“God” remains superfluous 1

Today we add a new book review to our Pages list.

We also post it here.

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Confessions of a Born-Again Pagan by Anthony T. Kronman, Yale University Press, New Haven & London, 2016, 1161 pages.

Notified of the existence of this book by its publisher, I undertook to review it. When it reached me I knew immediately that my review would be short, for out of its bruised packaging, which had barely contained its load through the mail, thudded an enormous volume that would surely daunt a professional theologian sentenced to life imprisonment. One thousand one hundred and sixty-one pages! One thousand and seventy-six without the notes and the index. The use of so many words could only mean one thing to me – that the writer had little or nothing to say.

About what then has he so little, or so much, to say? Nothing useful like Nuclear Physics for Dummies. Just one man’s religious meditations, plastered thick on an armature of historical and cultural exposition. In such cases, the weight of the physical book is almost always in inverse proportion to the weight of its message. In this case, the title is a sufficient miniaturization of the contents. My advice to a browser who comes upon it is, look no further than the title; what you’ve got is what you’d get, without growing old over it.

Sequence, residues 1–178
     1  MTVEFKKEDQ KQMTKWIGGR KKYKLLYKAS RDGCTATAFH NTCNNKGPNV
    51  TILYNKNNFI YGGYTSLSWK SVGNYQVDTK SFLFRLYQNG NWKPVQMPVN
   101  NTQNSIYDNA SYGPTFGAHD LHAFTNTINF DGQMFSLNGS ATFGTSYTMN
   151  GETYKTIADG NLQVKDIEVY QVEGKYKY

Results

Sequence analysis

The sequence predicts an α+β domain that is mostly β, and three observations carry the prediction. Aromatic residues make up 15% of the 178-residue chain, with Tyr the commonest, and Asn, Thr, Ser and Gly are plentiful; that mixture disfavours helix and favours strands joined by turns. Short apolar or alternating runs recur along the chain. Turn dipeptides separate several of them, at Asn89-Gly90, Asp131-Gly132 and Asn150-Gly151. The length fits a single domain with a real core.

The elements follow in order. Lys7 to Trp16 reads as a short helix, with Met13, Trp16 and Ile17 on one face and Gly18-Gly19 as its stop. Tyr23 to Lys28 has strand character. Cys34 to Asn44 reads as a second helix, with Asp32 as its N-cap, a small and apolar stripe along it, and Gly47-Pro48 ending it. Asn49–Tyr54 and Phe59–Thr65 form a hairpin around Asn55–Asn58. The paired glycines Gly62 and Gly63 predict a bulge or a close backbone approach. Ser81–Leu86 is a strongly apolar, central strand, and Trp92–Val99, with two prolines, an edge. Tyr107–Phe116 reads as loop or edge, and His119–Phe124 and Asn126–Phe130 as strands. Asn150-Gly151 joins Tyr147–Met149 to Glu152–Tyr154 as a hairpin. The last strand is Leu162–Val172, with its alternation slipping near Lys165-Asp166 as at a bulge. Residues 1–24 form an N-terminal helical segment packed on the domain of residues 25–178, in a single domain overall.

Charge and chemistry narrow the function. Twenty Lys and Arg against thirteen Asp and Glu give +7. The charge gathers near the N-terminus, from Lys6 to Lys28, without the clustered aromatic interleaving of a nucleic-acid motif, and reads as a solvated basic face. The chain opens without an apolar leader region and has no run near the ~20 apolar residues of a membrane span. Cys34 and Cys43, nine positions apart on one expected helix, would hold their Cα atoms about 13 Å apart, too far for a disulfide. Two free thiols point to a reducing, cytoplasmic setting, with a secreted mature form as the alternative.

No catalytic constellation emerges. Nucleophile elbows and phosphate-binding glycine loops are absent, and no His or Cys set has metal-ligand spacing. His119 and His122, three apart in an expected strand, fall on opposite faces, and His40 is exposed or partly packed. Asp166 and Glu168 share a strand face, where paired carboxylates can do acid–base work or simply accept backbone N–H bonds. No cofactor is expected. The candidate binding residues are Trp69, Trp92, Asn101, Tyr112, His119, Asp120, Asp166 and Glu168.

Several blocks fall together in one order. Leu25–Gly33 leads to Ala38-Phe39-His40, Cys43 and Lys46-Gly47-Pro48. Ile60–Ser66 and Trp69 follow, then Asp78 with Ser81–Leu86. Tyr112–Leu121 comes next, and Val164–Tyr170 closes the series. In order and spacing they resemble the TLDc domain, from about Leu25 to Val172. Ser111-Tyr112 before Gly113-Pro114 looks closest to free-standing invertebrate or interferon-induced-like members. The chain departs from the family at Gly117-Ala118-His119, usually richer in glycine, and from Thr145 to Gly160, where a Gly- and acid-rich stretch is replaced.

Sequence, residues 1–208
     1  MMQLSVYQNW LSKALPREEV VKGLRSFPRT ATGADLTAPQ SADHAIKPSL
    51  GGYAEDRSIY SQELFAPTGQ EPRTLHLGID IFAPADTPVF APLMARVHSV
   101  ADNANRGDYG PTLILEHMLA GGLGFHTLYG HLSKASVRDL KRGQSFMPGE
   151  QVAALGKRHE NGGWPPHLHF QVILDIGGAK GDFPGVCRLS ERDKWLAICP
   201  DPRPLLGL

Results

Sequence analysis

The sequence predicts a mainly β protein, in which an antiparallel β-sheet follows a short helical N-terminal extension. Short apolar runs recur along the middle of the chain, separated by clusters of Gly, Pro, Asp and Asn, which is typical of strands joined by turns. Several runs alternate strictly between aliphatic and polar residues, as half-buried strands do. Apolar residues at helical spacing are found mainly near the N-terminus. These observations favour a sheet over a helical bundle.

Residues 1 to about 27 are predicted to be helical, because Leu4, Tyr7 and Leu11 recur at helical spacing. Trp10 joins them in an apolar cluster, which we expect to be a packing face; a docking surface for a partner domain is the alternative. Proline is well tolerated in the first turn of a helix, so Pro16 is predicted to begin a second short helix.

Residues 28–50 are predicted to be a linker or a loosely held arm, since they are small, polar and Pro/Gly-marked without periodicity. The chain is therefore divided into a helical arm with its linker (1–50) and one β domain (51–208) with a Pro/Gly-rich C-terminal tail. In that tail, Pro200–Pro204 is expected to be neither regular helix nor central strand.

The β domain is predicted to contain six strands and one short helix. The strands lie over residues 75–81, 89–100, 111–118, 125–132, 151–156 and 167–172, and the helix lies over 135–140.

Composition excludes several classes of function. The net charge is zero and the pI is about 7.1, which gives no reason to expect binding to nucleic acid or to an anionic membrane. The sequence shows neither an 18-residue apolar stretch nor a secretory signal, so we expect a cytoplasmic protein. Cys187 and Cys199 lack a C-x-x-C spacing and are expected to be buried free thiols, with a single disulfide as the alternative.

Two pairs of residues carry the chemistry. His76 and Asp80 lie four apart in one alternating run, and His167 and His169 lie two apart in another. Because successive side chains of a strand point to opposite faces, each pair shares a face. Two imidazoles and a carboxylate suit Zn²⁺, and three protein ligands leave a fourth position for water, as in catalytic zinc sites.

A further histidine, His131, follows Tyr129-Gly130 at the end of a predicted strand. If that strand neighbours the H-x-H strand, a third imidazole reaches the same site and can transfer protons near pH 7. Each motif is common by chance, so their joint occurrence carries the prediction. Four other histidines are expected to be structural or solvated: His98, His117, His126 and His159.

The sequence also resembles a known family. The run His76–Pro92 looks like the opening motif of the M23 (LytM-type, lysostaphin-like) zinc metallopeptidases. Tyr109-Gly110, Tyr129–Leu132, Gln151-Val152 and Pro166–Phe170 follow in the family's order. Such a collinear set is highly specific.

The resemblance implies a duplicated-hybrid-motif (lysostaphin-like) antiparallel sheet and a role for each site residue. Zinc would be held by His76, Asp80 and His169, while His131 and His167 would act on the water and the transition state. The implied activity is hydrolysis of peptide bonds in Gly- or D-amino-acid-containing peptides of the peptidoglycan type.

It would be amazing if it were not typical that an opus so physically heavy is composed of pronouncements as light as these that I now quote. (I choose them from page 1074 because the author himself says that they re-state the idea that his immense labors were exerted to express.)

We are awash in eternity. God is present in every thing and every moment. In this sense, the atheist has it backward. The real challenge is not to disabuse ourselves of the idea of eternity. It is to open our eyes to it; to see how fully present it is even in the least of things.

The fundamentalist has it wrong too. There is no God beyond the world. The world itself is divine. To reach eternity, it is not necessary to go outside the world; indeed, this cannot be done. …

Our encounter with eternity is brief. Death comes all too soon. But it cannot cut us off from the everlasting and divine because we are already in it. We are born to disappointment but not to despair. Our condition is one of joy, however long it lasts.

There opines a lucky man!

As for the world itself being divine: the world itself IS. Call it divine if you will, delight in it, wonder at it, but it remains literally mundane. And astrophysicists tell us it is doomed to extinction.

If out of intellectual generosity you are tempted to grant Professor Kronman a point for echoing Spinoza’s idea – declared by him in an age when atheism was punishable in Europe – that nature is God, it is still to be remembered that giving nature an additional name adds nothing to it. God remains superfluous to all requirements.

 

Jillian Backer    March 2, 2017

Posted under Religion general, Reviews by Jillian Becker on Tuesday, April 4, 2017

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  • liz

    Yes, sounds like a pantheist. You’d think, as long as it must have taken him to write the tome, that some year before he finished it he’d have accidentally bumped into reality!